You Got This!

No One Is Good At Work: A Discussion


Kevin Lewis: This is a session about trying to start a conversation around what you see in very productive people versus reality and transparency to the fact that always as good as it seems. So my name is Kevin Lewis. I'm director of You Got This. And Floor in a blazer.

Floor: I want to point it out. Obviously I'm still wearing sweatpants underneath.

KEVIN LEWIS: I'm wearing PJs waist down. Microsoft MVP and prolific meetup organizer, which means you're overcommitted like me. We thought this would be a really nice session where we're going to have chat and I said recording started so you know it's recorded which means we may not be the Q&A isn't going to be represented in the video. But we may well be in the chat. If we are we're going to make ourselves known at some point in time. Floor, talk a little bit about which we agreed to do this being good at your job versus work and as a scene setter.

Floor: No pressure whatsoever.

KEVIN LEWIS: No pressure. It's fine.

Floor: Like you and I were discussing a little bit. You might be good at your job, for me depending on who you ask. I think I'm good at my job but you might not be good at work. But I mean you'll hear from people how they achieve inbox zero all the time I'm at inbox 2,000. Many impaired at work because I have so many unread e-mails? I don't know, maybe. Or you see other people in a meeting and they stay focused during the entire meeting asking questions, I'm lost. Agenda item 2, I'm trying, I'm struggling to be in the zone and am I bad at work, people negotiating salaries and promotions. I don't know how to do that. Am I at work? I don't know. That's something we want to talk about.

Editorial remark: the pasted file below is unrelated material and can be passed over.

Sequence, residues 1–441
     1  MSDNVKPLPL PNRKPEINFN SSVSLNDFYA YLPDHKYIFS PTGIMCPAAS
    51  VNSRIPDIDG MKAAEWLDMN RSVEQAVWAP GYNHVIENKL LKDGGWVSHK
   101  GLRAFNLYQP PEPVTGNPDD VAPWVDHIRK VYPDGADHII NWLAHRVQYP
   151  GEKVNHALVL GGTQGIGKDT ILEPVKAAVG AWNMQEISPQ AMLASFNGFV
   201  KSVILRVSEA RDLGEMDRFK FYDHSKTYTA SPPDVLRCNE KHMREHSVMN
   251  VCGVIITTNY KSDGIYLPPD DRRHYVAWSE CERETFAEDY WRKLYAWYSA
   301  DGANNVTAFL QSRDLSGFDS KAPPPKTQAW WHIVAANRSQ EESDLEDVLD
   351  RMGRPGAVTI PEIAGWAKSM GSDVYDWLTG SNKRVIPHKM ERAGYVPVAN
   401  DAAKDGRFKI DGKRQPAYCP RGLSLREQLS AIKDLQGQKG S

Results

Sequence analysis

KEVIN LEWIS: Some of these things you describe are skills you can definitely learn but are rarely taught. Salary negotiation is a tangible skill you can improve on. This will be in the library. Those are really tough because they're at the core of you as a person and how's you work. Focused. I don't know, I am a distracted individual. I don't see how I can hone that muscle. It's just the person I am or the way that I deliver projects best seems to be under a small amount of stress which means I take on too much. Ultimately deliver it all but have a base level of stress that's perhaps higher than it should be. Kicking off then I suppose is I want to start conversation about this notion that people who are very productive or seem productive online have all their ducks in a row and how that isn't always the case. Thought we could take time to talk about projects that we have delivered as individuals that have received praise like loved or appreciated or suck full in what they're trying to achieve and look behind the curtains. I certainly have contemporary examples like this event. You can start if you have anything to share, it might be useful. Being in developer relations you have a very visible role and you go to different events and you're here and then the next you're there and some of that is due to you submit a proposal to a CFP and you don't know whether that will be accepted. So you find yourself in a situation they're accepted. What are you whining about? Wonderful. They want to hear from you. You have to figure out how to make sure that you combine all that with the invisible things that you to do in the background to make sure you can deliver talks and contribute to a blog and do tasks you're supposed to do and attend meetings and ask really intelligent questions and also for me personally, is I'm a single mom so I have to figure out how where will my child be at the point I need to travel to XYZ city and which stuff happens at school, and I get messages while I'm at the conversation or just about to go on stage, how do I do that? So I hear there's a constant level of stress or a voice in my head. There's all these things you need to take care of. Don't forget that one thing. That's hard to explain. People are like why are you so tied up all the time and why do you talk to fast. I'm doing it right now.